The judge denied a defense motion for a mistrial, based on a statement made by a witness.

By ED RUNYAN

VINDICATOR TRUMBULL STAFF

WARREN — The O.J. Simpson murder case was marked by its bloody glove; the Jermaine McKinney case may be remembered for its bloody boots.

Testimony today from Brenda Gerardi, a scientist with the Ohio Bureau of Criminal Identification and Investigation, showed that a pair of size 10 Timberland boots found at McKelvey Lake in Youngstown on Dec. 23 contained the DNA of Jermaine McKinney and homicide victims Wanda Rollyson and Rebecca Cliburn.

Gerardi said the boots, which were also found with a 30-inch crowbar, had blood or sweat on them that came from Rollyson, Cliburn and McKinney.

From the expert

She broke down the likelihood that the fluids were from those people this way:

* The chance that one type of blood found there came from anyone but Rollyson was one in 23 quintillion people (thousands of times the world's population).

* The chance that another type of blood found on the boots came from anyone but Cliburn was one in 1.5 billion people. The world population is 6.5 billion people.

* The chance that sweat from inside the boots came from anyone but McKinney was one in 813 million people. The U.S. population is 300 million people.

DNA taken from the crowbar was from Wanda Rollyson, Gerardi testified. The chance it came from anyone else was, again, 1 in 23 quintillion.

Meanwhile, a cigarette butt found near a furnace room where Rollyson's and Cliburn's bodies were 70 percent to 80 percent burned had DNA on it from McKinney, Gerardi testified. The chances of it being anyone else's DNA is one in 57 quintillion, she said.

McKinney is on trial in Trumbull County Common Pleas Court, charged with the slayings of Rollyson and Cliburn in a Newton Township home last December. If convicted, he faces the death penalty, partly because of the state's multiple-homicide statute and because the slayings were committed during an aggravated burglary, aggravated robbery, kidnapping and aggravated arson, according to the indictment against McKinney.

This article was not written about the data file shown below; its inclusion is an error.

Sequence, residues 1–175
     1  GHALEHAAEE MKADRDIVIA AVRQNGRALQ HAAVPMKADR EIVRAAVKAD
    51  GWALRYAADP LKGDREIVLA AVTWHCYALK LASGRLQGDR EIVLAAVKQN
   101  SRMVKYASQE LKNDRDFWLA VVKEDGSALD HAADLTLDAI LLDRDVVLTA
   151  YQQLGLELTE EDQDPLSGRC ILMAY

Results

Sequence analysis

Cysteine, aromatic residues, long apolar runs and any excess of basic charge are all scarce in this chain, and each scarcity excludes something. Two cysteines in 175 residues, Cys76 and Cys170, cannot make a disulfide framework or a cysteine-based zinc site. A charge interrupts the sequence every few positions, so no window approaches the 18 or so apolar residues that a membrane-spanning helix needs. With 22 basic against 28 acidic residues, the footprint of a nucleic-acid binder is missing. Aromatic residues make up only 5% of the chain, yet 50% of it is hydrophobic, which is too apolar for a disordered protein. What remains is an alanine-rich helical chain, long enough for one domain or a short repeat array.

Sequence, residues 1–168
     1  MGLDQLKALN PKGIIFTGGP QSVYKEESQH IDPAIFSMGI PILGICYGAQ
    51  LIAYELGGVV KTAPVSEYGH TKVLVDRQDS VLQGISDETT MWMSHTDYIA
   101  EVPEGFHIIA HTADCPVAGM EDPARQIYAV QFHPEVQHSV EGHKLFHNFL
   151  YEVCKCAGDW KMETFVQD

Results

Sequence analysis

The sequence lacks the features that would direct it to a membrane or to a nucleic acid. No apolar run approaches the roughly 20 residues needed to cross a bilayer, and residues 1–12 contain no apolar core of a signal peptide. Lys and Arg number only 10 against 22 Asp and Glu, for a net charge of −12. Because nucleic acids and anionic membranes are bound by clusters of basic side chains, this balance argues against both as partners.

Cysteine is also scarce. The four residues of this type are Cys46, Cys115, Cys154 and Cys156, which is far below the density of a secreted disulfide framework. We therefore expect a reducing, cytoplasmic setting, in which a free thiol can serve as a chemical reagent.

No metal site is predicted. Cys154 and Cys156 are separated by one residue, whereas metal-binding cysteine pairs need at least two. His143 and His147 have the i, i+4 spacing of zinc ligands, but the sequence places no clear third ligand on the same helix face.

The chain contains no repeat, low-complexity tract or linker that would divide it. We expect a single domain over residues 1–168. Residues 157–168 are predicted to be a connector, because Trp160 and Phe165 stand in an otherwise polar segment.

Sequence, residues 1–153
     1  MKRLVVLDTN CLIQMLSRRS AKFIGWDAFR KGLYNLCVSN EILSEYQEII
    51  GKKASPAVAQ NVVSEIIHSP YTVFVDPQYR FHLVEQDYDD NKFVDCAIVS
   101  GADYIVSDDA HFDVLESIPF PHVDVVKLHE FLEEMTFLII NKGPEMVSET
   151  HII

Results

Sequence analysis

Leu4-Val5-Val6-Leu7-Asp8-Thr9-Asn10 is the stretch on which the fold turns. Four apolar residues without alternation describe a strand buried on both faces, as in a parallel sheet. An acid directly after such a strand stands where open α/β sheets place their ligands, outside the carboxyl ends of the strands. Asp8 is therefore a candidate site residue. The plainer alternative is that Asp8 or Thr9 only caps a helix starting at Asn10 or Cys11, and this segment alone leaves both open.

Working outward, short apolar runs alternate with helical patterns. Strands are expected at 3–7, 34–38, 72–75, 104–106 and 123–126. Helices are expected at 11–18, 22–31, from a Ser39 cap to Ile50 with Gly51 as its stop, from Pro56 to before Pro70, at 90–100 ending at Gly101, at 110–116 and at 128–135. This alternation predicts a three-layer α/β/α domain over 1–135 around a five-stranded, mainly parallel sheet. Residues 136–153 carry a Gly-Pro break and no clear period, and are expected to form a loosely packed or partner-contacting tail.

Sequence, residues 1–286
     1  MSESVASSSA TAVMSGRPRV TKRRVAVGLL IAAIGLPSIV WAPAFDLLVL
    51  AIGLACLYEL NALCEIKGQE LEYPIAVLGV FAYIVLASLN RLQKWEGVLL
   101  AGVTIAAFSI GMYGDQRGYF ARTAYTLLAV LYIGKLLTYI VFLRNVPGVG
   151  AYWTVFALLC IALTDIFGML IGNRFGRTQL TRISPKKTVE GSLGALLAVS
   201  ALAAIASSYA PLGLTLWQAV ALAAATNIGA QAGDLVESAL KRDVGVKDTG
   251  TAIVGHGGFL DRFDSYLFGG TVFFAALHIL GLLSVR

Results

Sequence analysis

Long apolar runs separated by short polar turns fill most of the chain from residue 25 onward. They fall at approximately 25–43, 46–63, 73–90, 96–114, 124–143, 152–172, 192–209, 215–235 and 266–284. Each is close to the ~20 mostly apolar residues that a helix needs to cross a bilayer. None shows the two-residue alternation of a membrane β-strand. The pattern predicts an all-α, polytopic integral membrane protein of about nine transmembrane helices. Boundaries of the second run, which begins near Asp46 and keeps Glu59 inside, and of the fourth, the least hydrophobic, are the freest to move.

Defense lawyer's focus

On cross-examination, defense lawyer Donald Malarcik of Akron ignored all of the evidence pointing to McKinney's role in the death of Rollyson, 70, and her 45-year-old daughter — and instead focused on any evidence that might have shown that another person, Keyatta Riley Hines, contributed to the women's deaths.

Hines, 21, of Warren has admitted helping McKinney get rid of evidence in the house, but denies having done anything to harm the women.

Malarcik asked Gerardi whether two other samples, a knife recovered in McKelvey Lake and a sweat shirt from another possible accomplice, Jazzmine McIver, 22, of Warren, were tested to determine whose DNA was on them.

Gerardi said the DNA found did not match any of the four people whose DNA samples were submitted: McKinney, Rollyson, Cliburn and Nathan Vargo, son of Rebecca Cliburn and a one-time suspect.

But Gerardi agreed that there was no way to tell whether any of the DNA belonged to Riley Hines, because her DNA sample was never gathered.

Malarcik has consistently called into question Riley Hines' role in the crime. He has questioned her about her criminal history and inconsistent statements, and questioned whether physical evidence from a bedsheet indicates she handled a piece of fabric that was used to bind and gag Cliburn before her death.

Prosecution rests

The prosecution rested its case at the conclusion of Gerardi's testimony. Now McKinney's defense may present its case.

Judge W. Wyatt McKay, the common pleas court judge hearing the case, ruled today against a defense motion asking to declare a mistrial on the basis of a remark Riley Hines made during her testimony Friday, in which she mentioned that she had taken a polygraph test. This information was not admissable.

In earlier testimony today, David Wilson, a hostage negotiator with the Youngstown Police Department, told jurors that while he talked with Jermaine McKinney on New Year's Day as McKinney was being arrested, McKinney told him about cop shows and killing himself. All the while, McKinney was firing a shotgun, BB gun rifle and a handgun at officers trying to arrest him at 71 Halleck Street.

The barrage of gunfire was so severe that officers at one point got trapped behind a tree and had to be rescued by an armored vehicle.

runyan@vindy.com

Tuesday, October 31, 2006
The O.J. Simpson murder case was marked by its bloody glove; the Jermaine McKinney case may be remembered for its bloody...